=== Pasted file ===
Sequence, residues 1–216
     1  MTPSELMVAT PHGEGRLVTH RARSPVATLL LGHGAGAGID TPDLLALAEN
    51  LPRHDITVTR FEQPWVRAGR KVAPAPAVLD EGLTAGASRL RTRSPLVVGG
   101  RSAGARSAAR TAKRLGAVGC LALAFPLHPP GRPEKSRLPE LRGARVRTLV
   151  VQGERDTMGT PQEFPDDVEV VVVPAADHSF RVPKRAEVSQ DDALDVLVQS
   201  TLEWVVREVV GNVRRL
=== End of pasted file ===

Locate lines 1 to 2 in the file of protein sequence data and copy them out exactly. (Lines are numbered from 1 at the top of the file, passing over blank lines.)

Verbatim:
Sequence, residues 1–216
     1  MTPSELMVAT PHGEGRLVTH RARSPVATLL LGHGAGAGID TPDLLALAEN